A few days ago while visiting family in Montana, I took my son and cousin’s on a short hike to a waterfall in the Lewis & Clark National Forest. The trail was about 1 mile round trip, with two waterfalls. The first trail led to the lower falls, photographed below:
The second trail(a little more challenging), led up to the upper falls, photographed below:
The upper falls used to be more picturesque, but due to winter conditions, tree limbs and rocks went tumbling to the bottom of the falls. There is another trail that above the upper falls that follows the creek up the mountain.
Here’s a look back…from June 2014. I went to Bear River Migratory Bird Refuge in Northern Utah, looking for shorebirds. What I found at the end of the tour drive was this American Avocet at sunset, sitting on eggs on a nest. This image won in a local great salt lake bird contest in 2015. It doesn’t feel like it was that long ago that I photographed this scene. American Avocets are one of my favorite Shorebirds.
Every Spring, the Long Billed Curlews can be heard across the valley of the Great Basin in Northern/Western Utah. If you can hear their calls, then they’re either flying over head or wandering around somewhere nearby.
I photographed this curlew during Golden Hour as this one and it’s mate were foraging for food in the grass. For a moment, it stood tall, before going back to hiding in the grass.
I haven’t been out to take pictures since last week due to a tooth infection that started last Friday and by Monday, I was at the dentist getting it pulled. It’s the day after and my face is miserable. Hopefully I’ll be able to get back out before vacation is over.
In May I took a few hour drive through Northern Utah and while driving on a dusty dirt road, I spotted this Burrowing Owl perched on a wooden stake. The light was quite harsh, but thankfully, the Owl was positioned just right to avoid the shadows.
You never know what you’re going to find when driving through the country side. While it may take a bit of time to get to where you’re going, the end result makes it worth it. Except for a car plastered in dead mosquitoes.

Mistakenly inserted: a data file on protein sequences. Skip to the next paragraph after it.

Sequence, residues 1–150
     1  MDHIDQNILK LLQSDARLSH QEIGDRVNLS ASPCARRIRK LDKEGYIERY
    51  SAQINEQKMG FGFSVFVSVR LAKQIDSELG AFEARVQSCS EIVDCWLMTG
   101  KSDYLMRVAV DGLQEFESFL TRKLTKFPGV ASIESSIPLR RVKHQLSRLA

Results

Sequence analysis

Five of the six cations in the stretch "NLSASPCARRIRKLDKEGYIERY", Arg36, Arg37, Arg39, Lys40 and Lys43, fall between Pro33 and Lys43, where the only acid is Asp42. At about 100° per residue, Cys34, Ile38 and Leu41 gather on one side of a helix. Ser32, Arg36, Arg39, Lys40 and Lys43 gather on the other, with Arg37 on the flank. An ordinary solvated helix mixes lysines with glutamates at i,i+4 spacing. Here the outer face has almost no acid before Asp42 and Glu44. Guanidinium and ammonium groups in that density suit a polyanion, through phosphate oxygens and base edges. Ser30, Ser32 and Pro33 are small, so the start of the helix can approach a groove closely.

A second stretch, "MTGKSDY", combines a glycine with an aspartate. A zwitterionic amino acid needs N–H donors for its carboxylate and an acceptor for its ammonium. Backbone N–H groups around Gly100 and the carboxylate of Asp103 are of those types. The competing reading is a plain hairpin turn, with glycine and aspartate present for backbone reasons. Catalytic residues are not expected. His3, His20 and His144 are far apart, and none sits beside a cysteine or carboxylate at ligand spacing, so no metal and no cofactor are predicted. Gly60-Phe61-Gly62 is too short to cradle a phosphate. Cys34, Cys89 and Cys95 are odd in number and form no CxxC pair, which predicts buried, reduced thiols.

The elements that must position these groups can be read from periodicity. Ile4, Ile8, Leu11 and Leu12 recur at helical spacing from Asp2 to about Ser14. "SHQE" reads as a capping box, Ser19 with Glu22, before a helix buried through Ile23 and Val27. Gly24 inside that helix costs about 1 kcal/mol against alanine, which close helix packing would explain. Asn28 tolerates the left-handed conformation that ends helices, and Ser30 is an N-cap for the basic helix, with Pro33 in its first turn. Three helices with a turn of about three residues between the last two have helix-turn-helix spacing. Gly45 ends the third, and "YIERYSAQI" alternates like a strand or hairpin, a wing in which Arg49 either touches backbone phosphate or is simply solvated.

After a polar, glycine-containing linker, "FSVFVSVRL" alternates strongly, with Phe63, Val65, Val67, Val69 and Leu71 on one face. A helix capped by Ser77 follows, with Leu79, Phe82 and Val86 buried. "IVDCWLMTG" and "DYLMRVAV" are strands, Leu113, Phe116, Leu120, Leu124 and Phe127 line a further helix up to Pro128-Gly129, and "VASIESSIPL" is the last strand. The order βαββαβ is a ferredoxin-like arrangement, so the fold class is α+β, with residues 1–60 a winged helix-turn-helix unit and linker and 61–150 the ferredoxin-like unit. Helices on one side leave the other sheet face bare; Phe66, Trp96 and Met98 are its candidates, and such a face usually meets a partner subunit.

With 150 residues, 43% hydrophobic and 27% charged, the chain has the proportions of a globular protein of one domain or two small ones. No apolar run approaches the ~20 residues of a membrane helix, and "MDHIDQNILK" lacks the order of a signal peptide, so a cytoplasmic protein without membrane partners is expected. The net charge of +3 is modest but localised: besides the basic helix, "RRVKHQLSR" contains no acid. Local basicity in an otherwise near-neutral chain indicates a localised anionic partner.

I don’t have any images to share, so here’s one of a male Wood Duck, swimming in a local pond, on a sunny afternoon.
Wood Ducks are my favorite ducks, due to the beautiful coloration and patterns of their feathers. I’ve photographed these ducks many times, so now I think it’s time to find a Mandarin Duck.
Here’s another image of a Male Wood Duck:
This day, one year ago, I photographed several Short Eared Owls hanging out around the Golden Spike area. The two following images were my favorites out of all the images.
The below image was photographed as the sun was dipping below the mountains behind me. The glow gave a nice over all color to the scene, despite being low light and with good catch light in the Owl’s eye.
Owls are my favorite bird of prey. They blend in well with habitat and for the most part are stealthy fliers.
Several years ago, I enjoyed daily trips to the Great Salt Lake; whether it was at Salt Air or Antelope Island State Park or up North to the Spiral Jetty – that all changed once I moved further away from the lake. Now, I’m lucky I’m there once a year. So, sometimes I like to revisit previous landscape images I’ve photographed, of the Great Salt Lake.
This one has been my personal favorite; I remember standing on the shore, being bit by gnats, trying to maneuver the tripod to get the right composition. And then, I waited. Back then, it was easier to anticipate what kind of sunset would come out of the clouds, so I often was rewarded with beautiful colors, like the one below.
The sun had just dipped below the clouds, creating rays of light to shoot up through the high clouds, then I noticed how the rocks were lit up. And, with a GND filter, I was able to capture this scene with a slightly smoother appearance of the water.
Every time I’ve ever shared this image with others, they told me they had never seen a sunset at the Great Salt Lake or had never seen it look so pretty before. If you ask local Utahan’s if they’ve visited the GSL, most of the responses would be a, No. It’s usually stinky in the summer and full of swarming mosquitoes, so most people avoid it like the plague.
It should be noted that the Great Salt Lake is like a hidden gem; you have to observe it closer to see it’s real beauty.
in 2015 I went to the Uinta Mountains and got the chance to photograph a Red Fox family. I took my son along, who seemed thrilled at watching the youngsters playing; we sat in the sagebrush, a good ways from the foxes, so as to not disturb them. However, my son had to move from his spot on a rock, which caused the foxes to stop playing and look our direction to see what the noise was. They stared for a few moments before going back to playing, then later disappearing into the den.
This image has been well received and featured in an issue of Wild Planet Photo Magazine. It’s available for sale at my Fine Art America Shop.
Here’s an image of my son holding the image as a 12×18 framed print.
I forgot about this image, photographed last Monday in the middle of nowhere. Actually, not in the middle of nowhere, but driving to get there, feels like it. Up at Golden Spike there are several pairs of nesting Burrowing Owls and they can often be seen perched on the fences that line the side of the roads. Burrowing owls are usually skittish, but sometimes you get the one that doesn’t seem bothered by your car’s presence, like this one.